“The LORD is gracious and merciful, slow to anger and abounding in steadfast love.”

This grace allows us to say:

“Thank you that even though I’m a mess, you still love me and you are still striving with me and you want to make me something more today that I was yesterday.”

We are loved by God and God is willing to take us just as we are! With Christ within us, God works from the inside out to transform us. We are forgiven from the inside out! If God has forgiven us, we can forgive ourselves.

Keep this small image in mind:

How did you learn to walk? Have you ever seen a little one learning to walk. They don’t get up and just start walking the first time they try. They crawl for awhile. They pull themselves up and take one step and fall back – up again and fall forward. Soon they are taking a couple of steps before they fall. And they walk, and they fall, and they pull themselves back up again, and they totter and they fall.

Life as a Christian, with each new step of the way, is a new learning. As you overcome one challenge, there will always be something new. Paul reminds us to “work through our salvation”, because it is a constant process of growth. We are free from the penalty of sin, but we need Christ in us to be free from the power of sin.

But we remember and we meditate on Psalm 145, verse 8:

“The LORD is gracious and merciful, slow to anger and abounding in steadfast love.”

And if Christ is in us, then each of us should be able to look in the mirror and say: “I am gracious and merciful, slow to anger and abounding in steadfast love!” Imagine a world in which that were the description of each of us!

Just Do It!

Lectionary Readings:  February 2, 2014

  • 1 Corinthians 1:18-31
  • Matthew 5:1-12

As many of you may be aware, since November I have been participating in coaching seminars (once a month).  These seminars focus on increasing effectiveness, especially with relation to your goals and relationships.  One of the purposes of participating was to “stop procrastinating”.

I’m one of those people that when I read on someone’s CV “works well under pressure”, my automatic assumption is “this person is just like me – they procrastinate”, otherwise that wouldn’t be in their CV.
Of course, as I was finishing preparing this sermon last night (yes, you heard right… last night, after I put Isabella to bed), it struck me “so how have these seminars helped me? It’s the night before, and here I are, finishing up again at the last minute”…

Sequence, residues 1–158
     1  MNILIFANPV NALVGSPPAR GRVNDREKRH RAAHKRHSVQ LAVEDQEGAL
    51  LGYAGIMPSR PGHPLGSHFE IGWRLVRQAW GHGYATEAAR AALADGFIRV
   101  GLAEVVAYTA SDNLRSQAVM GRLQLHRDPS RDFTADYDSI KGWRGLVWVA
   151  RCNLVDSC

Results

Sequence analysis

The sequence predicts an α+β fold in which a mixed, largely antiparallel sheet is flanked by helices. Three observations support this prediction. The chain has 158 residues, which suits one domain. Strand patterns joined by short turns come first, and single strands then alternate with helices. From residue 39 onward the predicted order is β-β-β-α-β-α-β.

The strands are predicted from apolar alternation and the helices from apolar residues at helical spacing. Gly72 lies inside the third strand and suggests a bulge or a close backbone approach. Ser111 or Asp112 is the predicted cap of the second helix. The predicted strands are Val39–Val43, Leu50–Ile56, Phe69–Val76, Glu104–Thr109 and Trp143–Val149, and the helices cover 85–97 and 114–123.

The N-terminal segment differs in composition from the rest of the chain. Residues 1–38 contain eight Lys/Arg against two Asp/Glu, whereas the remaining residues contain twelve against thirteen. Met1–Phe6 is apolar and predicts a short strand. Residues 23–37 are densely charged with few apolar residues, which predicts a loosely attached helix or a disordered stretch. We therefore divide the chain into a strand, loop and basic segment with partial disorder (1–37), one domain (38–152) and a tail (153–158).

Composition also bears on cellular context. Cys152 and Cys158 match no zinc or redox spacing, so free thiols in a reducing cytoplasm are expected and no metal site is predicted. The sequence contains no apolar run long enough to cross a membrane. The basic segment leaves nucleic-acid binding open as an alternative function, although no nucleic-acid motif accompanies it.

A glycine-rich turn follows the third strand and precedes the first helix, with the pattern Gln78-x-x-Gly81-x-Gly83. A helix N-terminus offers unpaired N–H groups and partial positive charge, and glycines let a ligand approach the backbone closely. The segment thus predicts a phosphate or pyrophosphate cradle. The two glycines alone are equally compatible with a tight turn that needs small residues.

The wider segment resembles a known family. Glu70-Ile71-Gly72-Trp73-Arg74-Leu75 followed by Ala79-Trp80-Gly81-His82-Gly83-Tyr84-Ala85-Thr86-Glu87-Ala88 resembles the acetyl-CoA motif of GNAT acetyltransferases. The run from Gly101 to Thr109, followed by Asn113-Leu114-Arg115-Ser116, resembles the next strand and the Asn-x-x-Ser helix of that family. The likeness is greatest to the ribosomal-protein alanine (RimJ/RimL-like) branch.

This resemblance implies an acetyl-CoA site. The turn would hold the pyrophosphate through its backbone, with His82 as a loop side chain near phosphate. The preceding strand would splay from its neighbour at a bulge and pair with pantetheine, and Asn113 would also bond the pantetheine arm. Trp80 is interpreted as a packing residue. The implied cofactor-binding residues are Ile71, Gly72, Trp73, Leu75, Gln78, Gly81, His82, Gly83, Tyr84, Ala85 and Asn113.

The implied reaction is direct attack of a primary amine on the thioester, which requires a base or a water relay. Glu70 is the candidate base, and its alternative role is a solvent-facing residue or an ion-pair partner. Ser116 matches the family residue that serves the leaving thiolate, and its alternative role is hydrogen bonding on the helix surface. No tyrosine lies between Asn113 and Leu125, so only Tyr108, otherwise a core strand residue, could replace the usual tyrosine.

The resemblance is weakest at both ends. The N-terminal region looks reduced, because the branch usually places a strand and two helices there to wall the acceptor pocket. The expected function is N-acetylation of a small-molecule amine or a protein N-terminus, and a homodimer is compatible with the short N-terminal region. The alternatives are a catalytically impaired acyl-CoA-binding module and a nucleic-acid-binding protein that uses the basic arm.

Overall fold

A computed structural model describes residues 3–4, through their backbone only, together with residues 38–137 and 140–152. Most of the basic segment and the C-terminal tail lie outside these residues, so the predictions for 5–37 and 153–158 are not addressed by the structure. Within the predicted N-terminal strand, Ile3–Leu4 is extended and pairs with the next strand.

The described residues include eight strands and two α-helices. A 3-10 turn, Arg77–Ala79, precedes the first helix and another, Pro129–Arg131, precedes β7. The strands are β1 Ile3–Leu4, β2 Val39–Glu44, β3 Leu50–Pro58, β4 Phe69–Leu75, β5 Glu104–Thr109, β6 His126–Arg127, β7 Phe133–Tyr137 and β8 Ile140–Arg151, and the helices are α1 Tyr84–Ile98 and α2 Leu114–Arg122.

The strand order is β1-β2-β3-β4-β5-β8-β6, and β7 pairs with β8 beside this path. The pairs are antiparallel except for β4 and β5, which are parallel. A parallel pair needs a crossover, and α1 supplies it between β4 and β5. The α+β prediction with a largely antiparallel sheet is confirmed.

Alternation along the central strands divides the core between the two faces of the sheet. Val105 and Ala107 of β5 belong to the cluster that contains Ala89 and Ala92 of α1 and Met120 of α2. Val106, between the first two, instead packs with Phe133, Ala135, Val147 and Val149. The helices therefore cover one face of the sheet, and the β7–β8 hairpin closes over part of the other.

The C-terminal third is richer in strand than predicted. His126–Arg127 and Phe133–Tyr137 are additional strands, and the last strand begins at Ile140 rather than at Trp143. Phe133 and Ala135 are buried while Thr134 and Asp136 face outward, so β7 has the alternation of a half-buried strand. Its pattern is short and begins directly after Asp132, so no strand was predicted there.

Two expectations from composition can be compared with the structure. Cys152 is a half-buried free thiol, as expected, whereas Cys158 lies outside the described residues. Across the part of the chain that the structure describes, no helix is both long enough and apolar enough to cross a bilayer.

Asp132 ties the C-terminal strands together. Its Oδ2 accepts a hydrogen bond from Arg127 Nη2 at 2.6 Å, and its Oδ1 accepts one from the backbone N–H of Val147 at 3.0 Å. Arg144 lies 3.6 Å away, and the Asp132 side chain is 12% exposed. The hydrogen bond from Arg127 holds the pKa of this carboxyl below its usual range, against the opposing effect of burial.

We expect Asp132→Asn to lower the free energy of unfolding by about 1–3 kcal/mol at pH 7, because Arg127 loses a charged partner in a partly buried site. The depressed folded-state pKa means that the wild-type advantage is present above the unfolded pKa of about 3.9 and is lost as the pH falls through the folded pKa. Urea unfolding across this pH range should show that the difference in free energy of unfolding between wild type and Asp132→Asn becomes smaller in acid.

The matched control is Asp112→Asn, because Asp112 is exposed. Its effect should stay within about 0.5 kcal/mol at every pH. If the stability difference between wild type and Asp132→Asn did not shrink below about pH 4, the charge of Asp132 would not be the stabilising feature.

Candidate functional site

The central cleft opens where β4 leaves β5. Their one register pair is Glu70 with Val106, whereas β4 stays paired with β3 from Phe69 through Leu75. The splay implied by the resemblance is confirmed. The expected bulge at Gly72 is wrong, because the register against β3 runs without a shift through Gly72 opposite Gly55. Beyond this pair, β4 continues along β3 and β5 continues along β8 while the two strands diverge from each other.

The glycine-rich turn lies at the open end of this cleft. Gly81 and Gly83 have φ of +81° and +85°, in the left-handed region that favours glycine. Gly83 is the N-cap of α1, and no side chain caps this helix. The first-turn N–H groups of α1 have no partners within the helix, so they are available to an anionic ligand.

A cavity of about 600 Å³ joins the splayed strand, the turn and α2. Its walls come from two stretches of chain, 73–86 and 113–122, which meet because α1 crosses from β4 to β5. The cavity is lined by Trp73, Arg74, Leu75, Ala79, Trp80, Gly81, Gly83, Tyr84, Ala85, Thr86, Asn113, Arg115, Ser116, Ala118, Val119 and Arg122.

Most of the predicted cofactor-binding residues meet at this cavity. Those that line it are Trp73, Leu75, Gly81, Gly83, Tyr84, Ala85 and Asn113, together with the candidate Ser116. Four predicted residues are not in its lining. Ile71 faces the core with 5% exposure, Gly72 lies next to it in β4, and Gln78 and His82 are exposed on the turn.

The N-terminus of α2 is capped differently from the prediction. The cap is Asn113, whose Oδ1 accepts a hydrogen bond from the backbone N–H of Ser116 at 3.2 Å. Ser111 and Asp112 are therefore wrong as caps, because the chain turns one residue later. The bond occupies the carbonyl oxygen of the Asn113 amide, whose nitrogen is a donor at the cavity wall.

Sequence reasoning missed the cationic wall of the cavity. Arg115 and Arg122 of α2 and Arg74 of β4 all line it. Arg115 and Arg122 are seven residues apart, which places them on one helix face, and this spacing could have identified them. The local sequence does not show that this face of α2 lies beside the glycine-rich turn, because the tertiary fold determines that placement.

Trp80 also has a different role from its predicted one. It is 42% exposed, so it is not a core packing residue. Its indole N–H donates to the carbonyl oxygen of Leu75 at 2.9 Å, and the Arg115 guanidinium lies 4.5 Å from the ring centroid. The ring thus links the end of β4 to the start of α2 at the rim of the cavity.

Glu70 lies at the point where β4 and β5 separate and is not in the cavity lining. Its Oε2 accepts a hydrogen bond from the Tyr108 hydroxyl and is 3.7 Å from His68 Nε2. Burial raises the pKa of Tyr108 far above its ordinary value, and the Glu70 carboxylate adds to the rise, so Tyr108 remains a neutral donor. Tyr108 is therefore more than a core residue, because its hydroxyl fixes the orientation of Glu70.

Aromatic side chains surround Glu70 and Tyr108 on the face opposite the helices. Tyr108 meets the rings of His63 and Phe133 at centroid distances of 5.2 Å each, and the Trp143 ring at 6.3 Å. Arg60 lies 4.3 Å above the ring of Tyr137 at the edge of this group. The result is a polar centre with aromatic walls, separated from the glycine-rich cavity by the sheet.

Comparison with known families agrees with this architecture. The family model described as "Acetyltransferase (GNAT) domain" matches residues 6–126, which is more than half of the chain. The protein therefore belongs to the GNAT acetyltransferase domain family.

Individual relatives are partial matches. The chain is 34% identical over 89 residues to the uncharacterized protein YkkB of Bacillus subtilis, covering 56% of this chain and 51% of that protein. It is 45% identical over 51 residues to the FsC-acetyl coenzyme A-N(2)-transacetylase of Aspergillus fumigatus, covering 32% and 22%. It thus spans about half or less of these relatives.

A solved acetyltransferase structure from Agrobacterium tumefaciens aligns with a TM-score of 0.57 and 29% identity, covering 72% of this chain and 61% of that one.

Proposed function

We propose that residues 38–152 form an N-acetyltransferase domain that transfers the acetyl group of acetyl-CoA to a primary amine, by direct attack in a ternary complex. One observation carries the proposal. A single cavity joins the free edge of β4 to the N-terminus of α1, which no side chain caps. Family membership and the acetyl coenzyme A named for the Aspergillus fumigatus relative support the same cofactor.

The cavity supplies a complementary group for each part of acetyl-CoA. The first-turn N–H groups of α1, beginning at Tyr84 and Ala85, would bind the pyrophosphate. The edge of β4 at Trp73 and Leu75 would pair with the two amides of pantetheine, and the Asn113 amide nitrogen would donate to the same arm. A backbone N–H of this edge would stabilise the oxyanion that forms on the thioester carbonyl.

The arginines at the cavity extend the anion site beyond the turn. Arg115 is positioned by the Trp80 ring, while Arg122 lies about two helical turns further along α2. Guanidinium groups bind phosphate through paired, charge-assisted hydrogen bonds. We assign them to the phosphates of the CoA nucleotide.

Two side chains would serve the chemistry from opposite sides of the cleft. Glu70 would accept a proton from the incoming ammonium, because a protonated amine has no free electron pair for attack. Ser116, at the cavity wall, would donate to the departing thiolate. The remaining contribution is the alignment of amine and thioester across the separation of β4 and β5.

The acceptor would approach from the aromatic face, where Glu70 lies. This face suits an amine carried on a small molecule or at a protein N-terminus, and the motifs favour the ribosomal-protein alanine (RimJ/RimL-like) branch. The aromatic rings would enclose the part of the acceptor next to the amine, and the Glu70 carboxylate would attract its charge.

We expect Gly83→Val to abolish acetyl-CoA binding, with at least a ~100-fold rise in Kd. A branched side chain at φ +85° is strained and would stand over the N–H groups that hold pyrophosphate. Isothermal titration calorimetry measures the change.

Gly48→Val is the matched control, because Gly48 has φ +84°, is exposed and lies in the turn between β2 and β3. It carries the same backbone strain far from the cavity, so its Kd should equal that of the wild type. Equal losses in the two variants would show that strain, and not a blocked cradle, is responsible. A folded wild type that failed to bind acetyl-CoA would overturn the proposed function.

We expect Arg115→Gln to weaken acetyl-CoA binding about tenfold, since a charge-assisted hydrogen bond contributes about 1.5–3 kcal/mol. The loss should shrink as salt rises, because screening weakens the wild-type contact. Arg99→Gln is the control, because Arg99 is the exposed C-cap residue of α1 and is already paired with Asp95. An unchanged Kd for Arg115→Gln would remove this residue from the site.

But I did notice a big difference – on Thursday, when I was busy doing other things, I thought to myself – you should be preparing your sermon – and then I decided that I needed to do that instead.  Conscious decision.

Friday I was busy with the house and paediatricians appointment – once again, I realised I could be preparing my sermon, but chose not to.

Saturday morning – I chose to participate in the Patio Sale here at church, knowing that it would without a doubt mean that on Saturday night I would be at the laptop, finishing off my review of my sermon and putting my thoughts together.

So, what is different?  What have I learned after almost 120 hours of seminars and coaching?
The value of my decisions and choices – that I own them.  The results are completely mine.  Over the next 15 weeks I have given myself what I consider to be some extraordinary goals – not because they require me to do something extraordinary today, but rather because they require me to be consistent every day.  There’s not a single day that I can just tune out and say – “not today.  Today I’m not responsible…”

I remember as a kid, we always used to joke “the Devil made me do it”… like I had no say in the matter… It is about as effective as “if I was really filled with the Spirit, I wouldn’t sin anymore”.

Really? Why am I still waiting for that “magical” moment when suddenly I will be a new person and magically stop doing what I know to be wrong?  Why am I waiting for the Holy Spirit to do the job for me, when I already know what I’m supposed to do?

How many times have I given myself the excuse – I’m going to love my neighbour when the Holy Spirit fills me with Christ’s love?  That unknown moment in the future – that lets me off the hook today.